Fast action and high-affinity binding are characteristic features of SERCA33 and are essential for physiological refilling of the ER. Consistent with these requirements, structural analysis shows that the SERCA2b isoform most prevalent in the hippocampus34,35 has the highest Ca2+ affinity due to a unique C-terminal extension48. These intrinsic biophysical properties of SERCA make it highly effective at lowering bulk calcium. SERCA’s calcium buffering properties in turn lower Pr. The inverse relationship between release probability and PPR at the CA3 presynaptic terminals is well-established in experiments2,49. Calcium from consecutive pulses binds to the open SERCA sites. This decrease in the overall availability of SERCA also decreases its buffering capacity resulting in increased free calcium and increased facilitation. Therefore, a low release probability for synapses with ER ensures high facilitation compared to synapses with no ER. The actual contribution of calcium release from RyR and IP3R over these shorter timescales is minor compared to train stimulus.

At the CA3 terminal, there is a trade-off between short-term facilitation and reliability. Spatial location and sensory information is encoded in the firing rates of pyramidal cells in the hippocampus. Lesions to the hippocampus that impair rate coding can compromise sensory discrimination36. Reliable firing rates can be maintained, despite the stochasticity of vesicle release if a large number of synapses are activated with bursts of spikes rather than isolated spikes. However, it has also been argued that the hippocampal rate code describing a location in an environment is represented by the activity of a small number of neurons (population rate code)50,51. The alternative strategy would be to operate at high vesicular release probability, but at high Pr, the small RRP size at this synapse would deplete quickly. The ER allows synapses to have low intrinsic release probability but still exhibit relatively higher reliability in an activity-dependent manner.

Both IP3R29,30 and RyR expression have been reported in presynaptic terminals; however, the presence of presynaptic RyR is more prevalent14,20,28,52,53,54. Binding of calcium alone triggers the opening of ryanodine receptors, leading to calcium release. The opening of IP3 receptors, however, requires both IP3 and calcium to be bound. Glutamate released from vesicles can lead to IP3 production via mGluR and G-protein pathways (see “Methods” for details) and lead to IP3R opening and consequential calcium release. Ryanodine receptors have low affinity and require a large calcium transient to open and hence directly follow the VDCC Ca2+ flux. IP3 receptors have higher affinity and remain open for several seconds past the VDCC flux termination. The distinct biophysical properties for each of these receptors provide a wide spatiotemporal range for calcium signaling that can be sustained for seconds and participate in several different forms of plasticity. Given the differential expression of these receptors, we have investigated various synaptic configurations and the effect of each of these receptors. We conclude that the presence of presynaptic ER allows a repertoire of multiple timescales for calcium signaling, and for other downstream molecular signaling55,56.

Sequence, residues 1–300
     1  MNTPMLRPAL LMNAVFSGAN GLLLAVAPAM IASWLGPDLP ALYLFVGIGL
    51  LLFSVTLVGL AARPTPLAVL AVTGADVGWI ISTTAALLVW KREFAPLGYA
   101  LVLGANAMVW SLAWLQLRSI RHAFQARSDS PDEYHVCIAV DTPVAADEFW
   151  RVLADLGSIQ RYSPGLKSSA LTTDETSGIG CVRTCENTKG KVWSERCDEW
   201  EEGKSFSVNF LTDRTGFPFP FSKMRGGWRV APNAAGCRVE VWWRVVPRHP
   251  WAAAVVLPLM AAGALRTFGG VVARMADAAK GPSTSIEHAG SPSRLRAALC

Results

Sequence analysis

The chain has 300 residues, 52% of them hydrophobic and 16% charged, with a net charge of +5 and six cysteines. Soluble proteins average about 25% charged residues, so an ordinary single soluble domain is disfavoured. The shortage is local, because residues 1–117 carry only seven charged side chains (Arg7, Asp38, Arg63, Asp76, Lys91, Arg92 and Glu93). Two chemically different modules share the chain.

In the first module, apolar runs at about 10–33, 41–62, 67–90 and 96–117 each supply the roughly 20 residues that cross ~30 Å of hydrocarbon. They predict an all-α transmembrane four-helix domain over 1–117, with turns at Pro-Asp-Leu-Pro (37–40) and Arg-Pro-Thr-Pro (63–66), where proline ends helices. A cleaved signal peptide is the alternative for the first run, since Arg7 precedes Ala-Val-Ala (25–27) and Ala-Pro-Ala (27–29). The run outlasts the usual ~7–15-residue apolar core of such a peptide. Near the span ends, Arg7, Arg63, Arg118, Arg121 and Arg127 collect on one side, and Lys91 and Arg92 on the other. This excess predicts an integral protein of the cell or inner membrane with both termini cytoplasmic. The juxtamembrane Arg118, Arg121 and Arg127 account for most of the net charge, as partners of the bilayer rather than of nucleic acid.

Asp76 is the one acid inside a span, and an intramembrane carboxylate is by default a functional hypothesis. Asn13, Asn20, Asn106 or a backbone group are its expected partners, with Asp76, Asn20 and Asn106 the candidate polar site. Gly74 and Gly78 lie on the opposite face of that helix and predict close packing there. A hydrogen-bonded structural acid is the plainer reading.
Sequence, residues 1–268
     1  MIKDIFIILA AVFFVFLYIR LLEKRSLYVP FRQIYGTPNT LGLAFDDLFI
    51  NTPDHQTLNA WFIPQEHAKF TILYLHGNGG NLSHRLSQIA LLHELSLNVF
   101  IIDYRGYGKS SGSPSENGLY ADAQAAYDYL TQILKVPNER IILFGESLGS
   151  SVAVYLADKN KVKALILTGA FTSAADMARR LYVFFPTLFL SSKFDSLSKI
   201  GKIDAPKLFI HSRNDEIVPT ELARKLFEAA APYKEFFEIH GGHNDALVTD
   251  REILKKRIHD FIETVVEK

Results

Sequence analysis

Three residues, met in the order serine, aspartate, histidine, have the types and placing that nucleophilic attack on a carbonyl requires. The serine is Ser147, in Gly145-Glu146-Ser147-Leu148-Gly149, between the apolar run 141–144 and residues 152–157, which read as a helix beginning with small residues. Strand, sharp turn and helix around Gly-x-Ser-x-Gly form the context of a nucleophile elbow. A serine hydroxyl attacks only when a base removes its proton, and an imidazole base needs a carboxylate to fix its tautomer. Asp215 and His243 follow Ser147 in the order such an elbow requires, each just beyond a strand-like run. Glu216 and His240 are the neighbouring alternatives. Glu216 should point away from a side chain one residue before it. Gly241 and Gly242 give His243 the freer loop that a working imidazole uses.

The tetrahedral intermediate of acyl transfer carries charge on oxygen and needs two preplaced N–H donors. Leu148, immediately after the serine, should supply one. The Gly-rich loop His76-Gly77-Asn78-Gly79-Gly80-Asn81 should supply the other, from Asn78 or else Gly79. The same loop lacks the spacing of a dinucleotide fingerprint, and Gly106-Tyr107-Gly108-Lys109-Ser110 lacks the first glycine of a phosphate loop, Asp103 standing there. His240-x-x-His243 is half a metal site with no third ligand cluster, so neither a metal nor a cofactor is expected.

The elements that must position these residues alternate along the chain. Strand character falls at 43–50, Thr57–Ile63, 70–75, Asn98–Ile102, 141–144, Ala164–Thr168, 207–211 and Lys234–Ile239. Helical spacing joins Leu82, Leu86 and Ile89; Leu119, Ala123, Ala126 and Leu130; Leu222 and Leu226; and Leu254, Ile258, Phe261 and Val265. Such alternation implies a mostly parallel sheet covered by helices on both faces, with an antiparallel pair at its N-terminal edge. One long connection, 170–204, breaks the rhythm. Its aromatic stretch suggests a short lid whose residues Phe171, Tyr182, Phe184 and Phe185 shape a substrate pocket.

Our approach has been to build a prototype of the CA3 terminal to carry out in silico experiments and make quantitative (not merely qualitative) predictions. This is especially valuable since direct measurements of crucial molecular signals, such as local calcium at the active zone in this small but important synapse, is difficult. The model accounts for the observed rise time, the decay time of the peak of vesicle release, calcium affinities of the calcium sensors for vesicle release, effective calcium diffusion, the timescale of calcium-transient decay, the ER refilling rate, and steady-state value of ER concentration24,57,58. The reported timescale of calcium-transient decay, the ER refilling rate, and the steady-state value of ER concentration constrain the binding rates and expression levels of SERCA in our model57,58. PPR is a high-dimensional measure of plasticity and is determined by several interdependent synaptic components (residual calcium, RRP size, buffering capacity, calcium sensors among others). We show that the canonical model that includes intracellular calcium stores (without adjusting for any parameter), agrees well with several independent studies of the CA3 presynaptic terminal. It is reasonable to assume that a biophysical model that quantitatively agrees with the measurement of PPR for a wide range of protocols is physiologically realistic. Several studies have shown that a biological system can achieve a specific goal using multiple sets of parameters59,60. Given the profuse degeneracy of biological systems, our aim was not to arrive at an idealized set of parameters. By demonstrating that our model makes a number of nontrivial “post-dictions”61, we argue that our main prediction on the role played ER in short-term plasticity is also likely to be accurate.